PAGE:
• Keep the endgame in mind. Another question to ask your child: What might you want to do after college? I know that this is an intimidating question to ask a high school student, and it’s certainly okay if their answer is “I have no idea!” But some students are already generally aware of what kind of career they’d like to pursue, and in these cases it’s wise for your child to think about how best to position themselves for success in a particular field. Of course, their plans may change, but it’s still important to keep the endgame in mind when entering the college admissions process.
    For example, if the student wants to go into the health professions, consider colleges with robust science departments, strong pre-health-science advising, an undergraduate degree in nursing, or a public health school. Is your child interested in theater? They may want to focus on schools that have top repertory companies right on campus. Even if they are unsure of what kind of profession they would like to pursue, getting into a school with lots of options in your child’s areas of interest will allow them to connect with like-minded peers and get guidance and mentorship from professors, while both expanding your horizons and focusing in on potential career options. They might even discover something they hadn’t considered!
  • Sample a variety of schools and types. I tell students it’s important to remain open to a wide variety of colleges and not be too quick to set your heart on one or two (or three). As they think through their priorities, they should allow their list of schools to evolve too. One of the best ways to know a college is to set foot on its campus. Even if a school seems like the perfect fit on paper, a visit might reveal things your child didn’t know or hadn’t considered. Can they picture themself there? Will the academic and extracurricular options satisfy their needs? Is the atmosphere appealing? To get a real feel for a particular college, nothing beats walking across its campus, attending information sessions, talking to students and admissions representatives, and touring specific departments, programs, or facilities.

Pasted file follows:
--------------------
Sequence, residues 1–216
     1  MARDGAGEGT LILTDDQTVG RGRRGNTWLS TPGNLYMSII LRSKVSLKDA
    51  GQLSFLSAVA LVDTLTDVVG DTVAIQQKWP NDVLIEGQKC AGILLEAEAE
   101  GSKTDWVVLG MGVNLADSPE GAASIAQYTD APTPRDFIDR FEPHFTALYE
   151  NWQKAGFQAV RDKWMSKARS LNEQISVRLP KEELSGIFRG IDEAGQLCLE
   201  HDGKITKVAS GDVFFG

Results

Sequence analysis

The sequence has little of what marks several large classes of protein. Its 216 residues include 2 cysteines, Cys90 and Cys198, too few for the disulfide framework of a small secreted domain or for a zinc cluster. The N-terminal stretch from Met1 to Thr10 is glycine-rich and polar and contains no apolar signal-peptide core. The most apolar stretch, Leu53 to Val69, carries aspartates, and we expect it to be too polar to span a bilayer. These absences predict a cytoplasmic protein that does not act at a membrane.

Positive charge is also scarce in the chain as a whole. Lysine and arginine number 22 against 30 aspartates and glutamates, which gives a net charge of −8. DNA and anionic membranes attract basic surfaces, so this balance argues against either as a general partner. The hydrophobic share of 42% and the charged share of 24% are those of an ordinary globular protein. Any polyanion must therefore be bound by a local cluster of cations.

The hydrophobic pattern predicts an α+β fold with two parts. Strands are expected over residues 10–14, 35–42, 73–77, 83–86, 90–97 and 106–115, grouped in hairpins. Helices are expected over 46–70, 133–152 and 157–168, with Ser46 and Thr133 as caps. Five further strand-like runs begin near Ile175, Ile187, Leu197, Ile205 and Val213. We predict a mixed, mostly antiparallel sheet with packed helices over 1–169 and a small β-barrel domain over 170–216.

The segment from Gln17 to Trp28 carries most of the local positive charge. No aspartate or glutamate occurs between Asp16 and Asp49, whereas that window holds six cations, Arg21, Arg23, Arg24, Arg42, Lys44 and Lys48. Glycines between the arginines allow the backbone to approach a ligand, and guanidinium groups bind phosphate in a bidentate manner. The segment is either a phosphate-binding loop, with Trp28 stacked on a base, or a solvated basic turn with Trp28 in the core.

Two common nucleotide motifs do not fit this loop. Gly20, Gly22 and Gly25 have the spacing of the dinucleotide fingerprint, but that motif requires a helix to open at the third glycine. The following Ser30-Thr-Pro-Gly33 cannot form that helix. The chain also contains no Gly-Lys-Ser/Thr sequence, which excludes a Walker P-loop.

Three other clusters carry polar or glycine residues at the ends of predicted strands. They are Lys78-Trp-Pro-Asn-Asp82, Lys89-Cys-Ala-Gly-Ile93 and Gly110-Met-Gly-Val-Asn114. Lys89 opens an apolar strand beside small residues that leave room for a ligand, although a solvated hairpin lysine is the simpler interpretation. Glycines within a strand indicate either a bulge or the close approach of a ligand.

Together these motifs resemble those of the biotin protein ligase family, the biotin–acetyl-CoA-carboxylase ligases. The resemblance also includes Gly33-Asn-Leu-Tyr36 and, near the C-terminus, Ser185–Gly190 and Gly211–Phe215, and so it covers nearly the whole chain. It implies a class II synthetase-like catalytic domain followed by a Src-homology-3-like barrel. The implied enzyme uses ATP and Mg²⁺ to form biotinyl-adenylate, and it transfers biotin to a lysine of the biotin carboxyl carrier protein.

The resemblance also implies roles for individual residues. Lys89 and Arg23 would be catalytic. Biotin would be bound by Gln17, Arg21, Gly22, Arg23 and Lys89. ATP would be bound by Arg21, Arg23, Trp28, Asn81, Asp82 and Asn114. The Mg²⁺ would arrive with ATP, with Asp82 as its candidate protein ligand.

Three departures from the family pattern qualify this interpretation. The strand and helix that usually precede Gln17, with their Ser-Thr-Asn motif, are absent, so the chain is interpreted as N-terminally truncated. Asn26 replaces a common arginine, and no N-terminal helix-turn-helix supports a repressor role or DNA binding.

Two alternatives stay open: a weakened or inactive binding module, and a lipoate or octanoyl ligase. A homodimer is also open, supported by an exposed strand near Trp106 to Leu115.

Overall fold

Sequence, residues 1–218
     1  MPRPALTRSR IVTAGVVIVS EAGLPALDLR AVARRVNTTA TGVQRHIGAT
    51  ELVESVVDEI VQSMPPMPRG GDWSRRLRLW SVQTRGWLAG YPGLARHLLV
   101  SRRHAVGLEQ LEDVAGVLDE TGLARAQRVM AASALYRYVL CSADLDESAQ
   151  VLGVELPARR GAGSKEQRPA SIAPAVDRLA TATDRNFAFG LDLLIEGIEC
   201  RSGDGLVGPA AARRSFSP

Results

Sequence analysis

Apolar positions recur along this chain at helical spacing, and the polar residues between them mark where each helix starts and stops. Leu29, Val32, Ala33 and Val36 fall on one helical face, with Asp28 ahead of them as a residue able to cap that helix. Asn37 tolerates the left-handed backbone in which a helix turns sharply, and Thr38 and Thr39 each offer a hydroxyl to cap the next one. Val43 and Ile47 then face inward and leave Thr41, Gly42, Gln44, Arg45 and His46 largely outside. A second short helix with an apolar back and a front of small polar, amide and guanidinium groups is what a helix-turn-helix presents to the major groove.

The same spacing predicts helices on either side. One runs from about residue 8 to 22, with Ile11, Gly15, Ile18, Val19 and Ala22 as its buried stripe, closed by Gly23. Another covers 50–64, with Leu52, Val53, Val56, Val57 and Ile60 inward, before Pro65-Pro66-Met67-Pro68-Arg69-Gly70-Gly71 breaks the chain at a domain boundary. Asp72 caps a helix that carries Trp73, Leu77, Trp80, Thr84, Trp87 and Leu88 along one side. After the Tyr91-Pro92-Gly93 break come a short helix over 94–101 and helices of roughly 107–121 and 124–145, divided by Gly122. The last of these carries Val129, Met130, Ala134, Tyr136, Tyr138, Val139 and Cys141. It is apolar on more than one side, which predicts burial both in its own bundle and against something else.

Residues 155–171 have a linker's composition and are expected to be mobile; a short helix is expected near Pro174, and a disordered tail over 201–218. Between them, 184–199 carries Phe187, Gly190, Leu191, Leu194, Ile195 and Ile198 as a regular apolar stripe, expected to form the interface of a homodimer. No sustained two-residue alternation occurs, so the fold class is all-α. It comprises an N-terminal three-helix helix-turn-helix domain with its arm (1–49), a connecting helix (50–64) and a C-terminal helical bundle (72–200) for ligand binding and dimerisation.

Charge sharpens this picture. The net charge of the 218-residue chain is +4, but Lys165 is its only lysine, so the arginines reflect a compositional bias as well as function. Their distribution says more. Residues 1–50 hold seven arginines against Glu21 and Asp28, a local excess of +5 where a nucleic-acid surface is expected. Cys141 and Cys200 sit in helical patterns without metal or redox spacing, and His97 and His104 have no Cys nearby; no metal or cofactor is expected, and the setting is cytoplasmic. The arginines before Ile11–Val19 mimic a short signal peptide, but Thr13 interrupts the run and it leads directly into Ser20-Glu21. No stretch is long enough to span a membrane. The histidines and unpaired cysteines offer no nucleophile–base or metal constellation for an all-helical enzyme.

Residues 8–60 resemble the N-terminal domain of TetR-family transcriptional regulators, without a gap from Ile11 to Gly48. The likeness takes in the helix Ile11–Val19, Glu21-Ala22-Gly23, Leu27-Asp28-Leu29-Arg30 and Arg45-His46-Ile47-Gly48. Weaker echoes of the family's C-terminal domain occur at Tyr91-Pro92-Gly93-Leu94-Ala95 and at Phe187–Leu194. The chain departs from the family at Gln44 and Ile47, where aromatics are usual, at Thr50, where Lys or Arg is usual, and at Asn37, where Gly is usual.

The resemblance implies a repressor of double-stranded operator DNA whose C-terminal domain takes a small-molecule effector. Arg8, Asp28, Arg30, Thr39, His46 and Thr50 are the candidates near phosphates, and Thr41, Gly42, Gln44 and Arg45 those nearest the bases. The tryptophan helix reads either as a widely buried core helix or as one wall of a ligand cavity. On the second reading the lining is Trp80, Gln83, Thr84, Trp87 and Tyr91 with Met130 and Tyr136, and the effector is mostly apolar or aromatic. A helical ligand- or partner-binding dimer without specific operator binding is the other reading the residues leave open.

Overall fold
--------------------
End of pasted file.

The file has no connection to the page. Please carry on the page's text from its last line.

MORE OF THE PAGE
The campus visit can also be the most fun part of the college application process! First-hand experience will enable your child to be a better judge not only of that particular school but the types of schools to ultimately consider. I also advise students not to limit themselves to one type. A positive visit to a place that doesn’t fit their initial criteria might inspire them to expand those criteria. Again, the college admissions process is all about self-reflection, and each student should allow that process to unfold, develop, and evolve. Cast a wide net, and then refine.
  • Create a Balanced List. This is really the goal. Admissions is a complex, sometimes quite brutal process, and there are no guarantees. The single most important way to manage it and mitigate the risks is to develop a list that is aspirational but also realistic and cautious. It’s okay to shoot for the stars, but don’t be reckless.
    At Premium Prep, we always stress the importance of a balanced list of Reaches, Targets, and Likelies. (We avoid the term “Safeties,” since these days it seems like nothing is safe.) A great rule of thumb is to start with seven to ten schools in each category and then whittle down to three or four in each. And be sure to do your research and get the latest data, since lots has changed in the college admissions landscape in recent years. Things have gotten substantially more intense, and numerous schools have become much more competitive than they were just a decade ago. (Parents: be especially conscious of this fact. Things are very different than when you applied to school!)